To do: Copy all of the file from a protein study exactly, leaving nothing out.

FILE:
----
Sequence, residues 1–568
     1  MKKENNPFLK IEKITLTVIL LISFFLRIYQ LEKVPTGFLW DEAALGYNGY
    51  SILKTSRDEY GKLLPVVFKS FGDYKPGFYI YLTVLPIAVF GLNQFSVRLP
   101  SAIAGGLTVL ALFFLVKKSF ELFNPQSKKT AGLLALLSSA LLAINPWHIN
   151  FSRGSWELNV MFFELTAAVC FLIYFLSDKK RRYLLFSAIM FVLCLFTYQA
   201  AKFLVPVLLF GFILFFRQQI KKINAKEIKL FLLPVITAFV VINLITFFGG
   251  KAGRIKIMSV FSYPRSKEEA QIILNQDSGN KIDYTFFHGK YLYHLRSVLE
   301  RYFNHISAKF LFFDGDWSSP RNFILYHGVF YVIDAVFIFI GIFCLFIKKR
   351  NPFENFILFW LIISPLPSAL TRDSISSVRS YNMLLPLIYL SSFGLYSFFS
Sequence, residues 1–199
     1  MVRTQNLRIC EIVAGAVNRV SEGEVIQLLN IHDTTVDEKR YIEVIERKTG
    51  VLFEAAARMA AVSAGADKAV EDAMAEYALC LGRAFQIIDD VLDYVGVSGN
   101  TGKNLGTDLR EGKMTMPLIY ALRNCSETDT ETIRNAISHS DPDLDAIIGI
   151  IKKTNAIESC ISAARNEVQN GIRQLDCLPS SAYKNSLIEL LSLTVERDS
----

Sequence, residues 1–568
     1  MKKENNPFLK IEKITLTVIL LISFFLRIYQ LEKVPTGFLW DEAALGYNGY
    51  SILKTSRDEY GKLLPVVFKS FGDYKPGFYI YLTVLPIAVF GLNQFSVRLP
   101  SAIAGGLTVL ALFFLVKKSF ELFNPQSKKT AGLLALLSSA LLAINPWHIN
   151  FSRGSWELNV MFFELTAAVC FLIYFLSDKK RRYLLFSAIM FVLCLFTYQA
   201  AKFLVPVLLF GFILFFRQQI KKINAKEIKL FLLPVITAFV VINLITFFGG
   251  KAGRIKIMSV FSYPRSKEEA QIILNQDSGN KIDYTFFHGK YLYHLRSVLE
   301  RYFNHISAKF LFFDGDWSSP RNFILYHGVF YVIDAVFIFI GIFCLFIKKR
   351  NPFENFILFW LIISPLPSAL TRDSISSVRS YNMLLPLIYL SSFGLYSFFS
Sequence, residues 1–199
     1  MVRTQNLRIC EIVAGAVNRV SEGEVIQLLN IHDTTVDEKR YIEVIERKTG
    51  VLFEAAARMA AVSAGADKAV EDAMAEYALC LGRAFQIIDD VLDYVGVSGN
   101  TGKNLGTDLR EGKMTMPLIY ALRNCSETDT ETIRNAISHS DPDLDAIIGI
   151  IKKTNAIESC ISAARNEVQN GIRQLDCLPS SAYKNSLIEL LSLTVERDS